For example: You might be walking down dark forest path with these people you just got with to arrest some local thugs. While walking along the road, getting to know each other and chatting, you happen upon a recently ransacked tavern. It startles you with its desperation. The windows are busted open, the door is swinging on one broken hinge, and a dead horse lies outside without any sign of human life around, anywhere. But wait? What's that? In the distant hills there’s a small light in the dark green of the overcast summer night. It looks like a campfire but you can't tell for sure.

Piper doesn't mess around, also: sweet abs
So what do you do? At this point the DM might announce a Perception Check and all the characters roll dice to see how high their numbers are. The DM knows that anything over 12 might be a clue, anything over 14 might be a VERY good clue, and anything over 18 might be an answer. He knows this because DM has this story in front of him in the form of a mystery book only he knows. He read it in advance and planned out exactly what would happen over the next hour or so, but he can’t control your dice rolls or choices. So maybe Piper rolls and gets a 15 and everyone else rolls under 10. The DM tells me that Piper can see figures around the campfire and hear drunken laughter. I tell him my character sheet says I have great night vision (racial trait of dwarves, score!) and I want to look closer. He nods, happy I read my sheet and knew my race well enough to start getting into the story he crafted. Piper squints and the DM explained how she notices sacks of stolen goods, weapons leaning against trees, and some horses tied to posts. Loot! And just as me and the other players are deciding whether to ambush the theives or steal their stuff while they sleep an old man comes lumbering down the road with a limp and an eye patch. Piper might be strong but she’s awful at talking to strangers so I let someone who rolled a higher charisma ability when they created their character sheet talk to him. An elf sorcerer named Auran can't hit the broadside of a barn with a crossbow, but he can sweetalk his way into anything. Auran rolls high and it turns out he gets this first-hand account of the tavern's demise by this sole survivor who ran and hid in the nearbye forest before fleeing the scene. And now all of us are leaning on the DM's every word. We're taking notes and writing down clues. The story gets better and the choices get harder. As the adventure continues you collect items, clues, money and are able to buy and sell gear. You get points for winning fights and solving problems and when you get enough you level up. Levels mean you learn new skills (now Piper can read weather pattterns and unlock doors) and more gols to buy things like weapons, horses, and armor. In a few nights of playing you and your fiends have a plot line and characters better than anything on television. And you’re doing it without smart phones, or computers, or even anything you have to plug into the wall. It’s just your imagination, and it's more than enough.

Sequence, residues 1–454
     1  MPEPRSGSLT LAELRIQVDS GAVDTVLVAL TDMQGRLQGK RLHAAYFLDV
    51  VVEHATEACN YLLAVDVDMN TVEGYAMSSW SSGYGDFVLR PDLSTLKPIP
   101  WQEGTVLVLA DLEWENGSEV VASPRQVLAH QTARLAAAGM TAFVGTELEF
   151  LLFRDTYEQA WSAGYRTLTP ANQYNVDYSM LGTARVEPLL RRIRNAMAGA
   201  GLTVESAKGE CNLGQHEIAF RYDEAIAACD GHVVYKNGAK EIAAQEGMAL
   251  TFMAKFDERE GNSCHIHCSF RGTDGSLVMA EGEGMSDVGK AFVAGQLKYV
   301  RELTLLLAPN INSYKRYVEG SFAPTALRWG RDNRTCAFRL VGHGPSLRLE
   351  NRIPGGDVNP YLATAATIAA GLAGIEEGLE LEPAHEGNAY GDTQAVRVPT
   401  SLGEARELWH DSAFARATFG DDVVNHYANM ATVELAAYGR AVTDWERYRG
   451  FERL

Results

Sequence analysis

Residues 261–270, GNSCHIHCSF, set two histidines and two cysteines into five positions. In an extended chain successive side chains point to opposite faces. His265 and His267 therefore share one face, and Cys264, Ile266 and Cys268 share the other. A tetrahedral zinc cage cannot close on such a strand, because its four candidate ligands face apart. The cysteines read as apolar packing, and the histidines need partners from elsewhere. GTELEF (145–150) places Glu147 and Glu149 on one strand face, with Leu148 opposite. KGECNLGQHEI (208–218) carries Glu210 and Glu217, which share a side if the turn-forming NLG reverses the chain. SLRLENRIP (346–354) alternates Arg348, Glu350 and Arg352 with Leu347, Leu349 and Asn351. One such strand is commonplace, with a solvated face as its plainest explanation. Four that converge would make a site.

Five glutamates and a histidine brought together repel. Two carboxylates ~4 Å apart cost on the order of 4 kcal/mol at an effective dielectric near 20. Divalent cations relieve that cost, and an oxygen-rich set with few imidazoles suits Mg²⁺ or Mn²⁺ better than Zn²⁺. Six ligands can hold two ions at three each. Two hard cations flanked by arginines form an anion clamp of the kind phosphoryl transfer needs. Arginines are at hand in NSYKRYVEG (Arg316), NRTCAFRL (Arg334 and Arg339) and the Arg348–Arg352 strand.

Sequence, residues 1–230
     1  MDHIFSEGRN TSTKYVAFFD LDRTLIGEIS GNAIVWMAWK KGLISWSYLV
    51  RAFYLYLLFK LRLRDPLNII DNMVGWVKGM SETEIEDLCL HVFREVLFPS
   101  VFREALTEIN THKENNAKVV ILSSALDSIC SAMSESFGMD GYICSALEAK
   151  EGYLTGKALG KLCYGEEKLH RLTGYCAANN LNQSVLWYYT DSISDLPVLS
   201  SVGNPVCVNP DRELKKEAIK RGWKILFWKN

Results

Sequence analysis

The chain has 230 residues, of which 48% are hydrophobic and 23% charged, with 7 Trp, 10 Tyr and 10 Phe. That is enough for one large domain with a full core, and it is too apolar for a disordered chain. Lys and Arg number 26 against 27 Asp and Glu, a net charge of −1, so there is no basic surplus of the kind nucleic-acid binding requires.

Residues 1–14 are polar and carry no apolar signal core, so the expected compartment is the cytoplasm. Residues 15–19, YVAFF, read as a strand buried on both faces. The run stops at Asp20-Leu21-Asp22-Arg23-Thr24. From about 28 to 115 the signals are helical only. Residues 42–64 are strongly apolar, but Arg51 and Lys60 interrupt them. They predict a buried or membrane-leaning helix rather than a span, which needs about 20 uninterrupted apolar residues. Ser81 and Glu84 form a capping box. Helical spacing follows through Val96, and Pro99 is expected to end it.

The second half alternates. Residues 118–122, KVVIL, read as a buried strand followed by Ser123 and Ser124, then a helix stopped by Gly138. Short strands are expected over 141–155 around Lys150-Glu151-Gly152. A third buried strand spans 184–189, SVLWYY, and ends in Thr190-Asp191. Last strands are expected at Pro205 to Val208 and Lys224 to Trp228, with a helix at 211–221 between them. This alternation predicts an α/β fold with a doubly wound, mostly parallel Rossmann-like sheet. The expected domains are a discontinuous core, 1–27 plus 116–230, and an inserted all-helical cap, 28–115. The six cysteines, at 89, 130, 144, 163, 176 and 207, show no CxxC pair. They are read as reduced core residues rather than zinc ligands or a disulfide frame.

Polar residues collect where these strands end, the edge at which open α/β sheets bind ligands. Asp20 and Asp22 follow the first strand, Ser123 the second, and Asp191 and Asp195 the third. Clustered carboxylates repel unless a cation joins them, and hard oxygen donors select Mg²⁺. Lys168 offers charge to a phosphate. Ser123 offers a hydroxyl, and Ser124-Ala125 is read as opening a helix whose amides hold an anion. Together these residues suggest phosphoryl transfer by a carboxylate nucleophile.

Throughout this adventure you need to fight and that means getting hurt. Characters can be wounded and also die. So there’s risks involved in a way you never experienced reading a book or watching a movie. This adventure is in YOUR hands, your choices matter. I could mess up and kill Piper and then she’s dead. Really dead. This isn't a video game with endless lives and restarts. I mean, if watching characters on Game of Thrones or Walking Dead die is hard on you imagine if it was YOUR character you’ve been playing every other Sunday night for three years. In that time your friends know Piper as well as you do. There are inside jokes, stories, mistakes and victories you tell like college party stories. A good D&D game becomes more than just agame and that is why there are the stories of people showing up in costumes or taking with fake accents. They do that because they get excited and invested, as much as any actor on stage playing a role or any author writing the next best seller. For some reason we respect and admire Andrew Lincoln for pretending to be fighting monsters with a fake accent but if we do it in our own living rooms with our own stories it's considered lame? Perhaps because we're told we're not allowed to imagine, or tell stories, or be creative as adults unless we are getting paid to do it. I think that is a dangerous thing to believe, and even more dangerous thing to live. I've had the time of my life pretending to a dwarf with a bow riding a black horse. It gave me the courage to actually do those things in real life (minus, you know, being a dwarf). Nobodies perfect. I'll keep being Jenna in real life and Piper on the gaming table. I’ll do my best to steer her in the right direction and not mess up, but as I explained so much of this is up to chance. Which is part of the fun. And, just like in real life, it’s anyone’s game.